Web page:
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Scans Uncover ‘Cavities’ in Egypt’s Great Pyramid

Scans Uncover ‘Cavities’ in Egypt’s Great Pyramid

The Great Pyramid of Giza (Pyramid of Khufu)
The Great Pyramid of Giza (Pyramid of Khufu)

Experts using radiography to scan the Great Pyramid of Giza have found evidence that there are two “previously unknown cavities” in the pyramid, AFP reported.

The scans, which employed a mix of infrared thermography, muon radiography imaging and 3D reconstruction, revealed “two anomalies” in the 4,500-year-old Khufu pyramid. According to the experts, the scanning technologies are non-invasive and will not affect the structure of the pyramid, which has three known chambers.

“We are now able to confirm the existence of a ‘void’ hidden behind the north face, that could have the form of at least one corridor going inside the Great Pyramid,” according to experts from Operation ScanPyramids, which began last October in a bid to reveal hidden rooms in the Khufu and Khafre Pyramids.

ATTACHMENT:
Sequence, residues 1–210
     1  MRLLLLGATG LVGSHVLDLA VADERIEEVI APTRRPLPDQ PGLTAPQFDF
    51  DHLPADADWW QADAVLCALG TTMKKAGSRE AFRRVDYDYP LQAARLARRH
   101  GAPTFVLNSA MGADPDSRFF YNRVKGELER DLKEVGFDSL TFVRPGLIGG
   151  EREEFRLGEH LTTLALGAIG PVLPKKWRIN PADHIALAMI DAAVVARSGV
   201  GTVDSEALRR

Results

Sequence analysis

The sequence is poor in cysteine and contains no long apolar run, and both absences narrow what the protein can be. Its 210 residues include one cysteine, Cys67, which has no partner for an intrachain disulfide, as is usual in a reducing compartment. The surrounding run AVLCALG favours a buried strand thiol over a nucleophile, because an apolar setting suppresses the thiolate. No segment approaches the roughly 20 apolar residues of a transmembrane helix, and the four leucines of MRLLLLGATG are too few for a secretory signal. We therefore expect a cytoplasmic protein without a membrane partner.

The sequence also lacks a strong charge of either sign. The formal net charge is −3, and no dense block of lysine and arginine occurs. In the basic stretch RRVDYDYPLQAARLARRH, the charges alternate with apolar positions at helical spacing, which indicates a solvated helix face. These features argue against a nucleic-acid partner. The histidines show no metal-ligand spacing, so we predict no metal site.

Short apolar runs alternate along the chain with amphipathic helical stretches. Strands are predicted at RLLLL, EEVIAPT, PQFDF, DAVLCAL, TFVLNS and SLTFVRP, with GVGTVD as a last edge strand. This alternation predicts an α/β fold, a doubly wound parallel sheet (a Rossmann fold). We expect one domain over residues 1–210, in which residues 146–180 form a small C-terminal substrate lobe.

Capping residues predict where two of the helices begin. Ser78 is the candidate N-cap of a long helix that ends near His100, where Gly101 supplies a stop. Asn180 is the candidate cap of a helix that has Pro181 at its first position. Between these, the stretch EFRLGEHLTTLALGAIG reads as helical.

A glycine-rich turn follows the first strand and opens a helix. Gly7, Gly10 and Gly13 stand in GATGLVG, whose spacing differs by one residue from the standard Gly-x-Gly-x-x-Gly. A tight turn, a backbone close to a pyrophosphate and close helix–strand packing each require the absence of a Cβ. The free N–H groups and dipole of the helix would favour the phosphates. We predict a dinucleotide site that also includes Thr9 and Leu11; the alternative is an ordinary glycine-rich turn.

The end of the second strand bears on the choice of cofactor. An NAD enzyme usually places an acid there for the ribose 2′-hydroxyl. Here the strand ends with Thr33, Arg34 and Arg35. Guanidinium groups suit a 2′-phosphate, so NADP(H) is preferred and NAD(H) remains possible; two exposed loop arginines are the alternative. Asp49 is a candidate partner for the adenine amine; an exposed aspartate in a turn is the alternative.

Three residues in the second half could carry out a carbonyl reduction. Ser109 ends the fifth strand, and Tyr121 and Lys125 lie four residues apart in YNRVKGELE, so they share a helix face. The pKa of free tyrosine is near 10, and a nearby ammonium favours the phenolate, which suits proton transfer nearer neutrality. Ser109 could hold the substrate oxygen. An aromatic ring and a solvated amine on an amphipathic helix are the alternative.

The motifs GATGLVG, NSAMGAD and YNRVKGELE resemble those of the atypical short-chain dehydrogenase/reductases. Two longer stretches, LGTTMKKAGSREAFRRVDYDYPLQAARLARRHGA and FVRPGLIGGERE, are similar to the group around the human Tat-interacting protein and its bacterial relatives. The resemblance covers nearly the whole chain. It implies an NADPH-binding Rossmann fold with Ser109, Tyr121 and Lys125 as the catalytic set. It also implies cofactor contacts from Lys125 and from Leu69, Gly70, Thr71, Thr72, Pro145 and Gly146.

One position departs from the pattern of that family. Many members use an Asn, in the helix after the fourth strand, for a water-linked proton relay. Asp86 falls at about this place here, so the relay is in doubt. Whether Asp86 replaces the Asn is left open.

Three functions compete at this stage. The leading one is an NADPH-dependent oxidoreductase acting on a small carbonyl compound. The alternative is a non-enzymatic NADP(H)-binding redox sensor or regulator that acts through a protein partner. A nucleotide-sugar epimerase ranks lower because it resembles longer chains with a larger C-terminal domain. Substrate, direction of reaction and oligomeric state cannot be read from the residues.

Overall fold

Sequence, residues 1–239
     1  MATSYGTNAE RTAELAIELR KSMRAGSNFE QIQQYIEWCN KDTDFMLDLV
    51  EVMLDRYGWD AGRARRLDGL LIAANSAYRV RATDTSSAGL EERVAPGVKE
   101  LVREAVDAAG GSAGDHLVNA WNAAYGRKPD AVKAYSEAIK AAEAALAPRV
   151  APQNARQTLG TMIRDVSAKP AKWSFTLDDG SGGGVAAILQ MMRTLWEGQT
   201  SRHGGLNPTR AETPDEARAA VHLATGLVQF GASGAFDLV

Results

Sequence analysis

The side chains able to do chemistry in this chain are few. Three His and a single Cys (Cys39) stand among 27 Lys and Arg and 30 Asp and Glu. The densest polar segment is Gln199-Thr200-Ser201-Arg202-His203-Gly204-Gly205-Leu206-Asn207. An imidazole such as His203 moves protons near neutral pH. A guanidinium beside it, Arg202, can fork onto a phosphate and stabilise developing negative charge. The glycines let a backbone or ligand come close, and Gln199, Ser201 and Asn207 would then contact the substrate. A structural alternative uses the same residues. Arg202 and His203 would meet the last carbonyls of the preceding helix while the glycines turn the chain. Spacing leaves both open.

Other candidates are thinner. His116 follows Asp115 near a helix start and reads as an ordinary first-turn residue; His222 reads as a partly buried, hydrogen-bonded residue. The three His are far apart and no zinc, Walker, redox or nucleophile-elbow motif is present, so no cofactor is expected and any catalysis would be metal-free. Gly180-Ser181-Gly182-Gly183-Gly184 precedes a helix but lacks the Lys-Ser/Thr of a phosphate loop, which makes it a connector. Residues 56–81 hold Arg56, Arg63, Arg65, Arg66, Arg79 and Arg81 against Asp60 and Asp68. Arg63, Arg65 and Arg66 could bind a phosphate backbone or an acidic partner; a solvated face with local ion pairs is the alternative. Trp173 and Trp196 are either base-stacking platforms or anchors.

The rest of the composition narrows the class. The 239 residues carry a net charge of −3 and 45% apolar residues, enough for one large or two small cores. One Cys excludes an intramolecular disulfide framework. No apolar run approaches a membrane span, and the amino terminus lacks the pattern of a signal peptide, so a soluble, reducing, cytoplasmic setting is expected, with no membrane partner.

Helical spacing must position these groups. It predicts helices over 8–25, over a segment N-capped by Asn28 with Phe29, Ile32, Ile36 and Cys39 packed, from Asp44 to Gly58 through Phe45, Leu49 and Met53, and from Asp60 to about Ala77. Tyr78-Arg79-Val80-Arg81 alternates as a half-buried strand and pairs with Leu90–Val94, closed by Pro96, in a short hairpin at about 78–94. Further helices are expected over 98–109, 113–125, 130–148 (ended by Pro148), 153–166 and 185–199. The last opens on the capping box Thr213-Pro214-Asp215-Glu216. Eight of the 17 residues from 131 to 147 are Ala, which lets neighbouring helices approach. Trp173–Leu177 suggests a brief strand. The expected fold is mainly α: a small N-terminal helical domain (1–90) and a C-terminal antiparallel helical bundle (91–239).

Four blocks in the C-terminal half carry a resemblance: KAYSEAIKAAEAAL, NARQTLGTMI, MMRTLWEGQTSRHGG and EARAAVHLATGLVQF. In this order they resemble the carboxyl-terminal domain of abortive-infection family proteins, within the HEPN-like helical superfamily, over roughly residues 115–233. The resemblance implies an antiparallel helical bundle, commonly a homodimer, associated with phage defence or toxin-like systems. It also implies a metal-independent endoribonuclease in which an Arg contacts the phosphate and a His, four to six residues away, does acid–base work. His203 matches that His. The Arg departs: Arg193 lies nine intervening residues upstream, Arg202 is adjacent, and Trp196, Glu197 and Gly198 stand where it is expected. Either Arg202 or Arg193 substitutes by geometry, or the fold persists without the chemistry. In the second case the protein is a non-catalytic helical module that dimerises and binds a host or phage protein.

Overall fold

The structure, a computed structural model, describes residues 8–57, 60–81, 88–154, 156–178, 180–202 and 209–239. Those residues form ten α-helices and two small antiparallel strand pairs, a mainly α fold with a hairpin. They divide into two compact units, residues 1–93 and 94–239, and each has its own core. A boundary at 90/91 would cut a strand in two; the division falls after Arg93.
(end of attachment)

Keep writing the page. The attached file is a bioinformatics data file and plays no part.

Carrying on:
Earlier this year, Egypt’s Ministry of Antiquities announced that two previously undiscovered chambers were revealed by scans of King Tutankhamun’s tomb.

The findings lent credence to British archaeologist Nicholas Reeves’ theory that Queen Nefertiti’s tomb is hidden behind that of King Tutankhamun, may lead to “one of the most important finds of the century,” the Minister said in November 2015.

Not only was Nefertiti famous for her beauty, which remains evident through her world-renowned 3,300-year-old painted limestone bust housed at the Egyptian Museum in Berlin, but she was also the Great Royal Wife of the Pharaoh Akhenaten and his chief consort.

Nefertiti’s burial site has long been a mystery as archaeologists have so far failed to find the queen’s tomb.

King Tutankhamun’s tomb was found in 1922 under the supervision of another British archaeologist and Egyptologist, Howard Carter.

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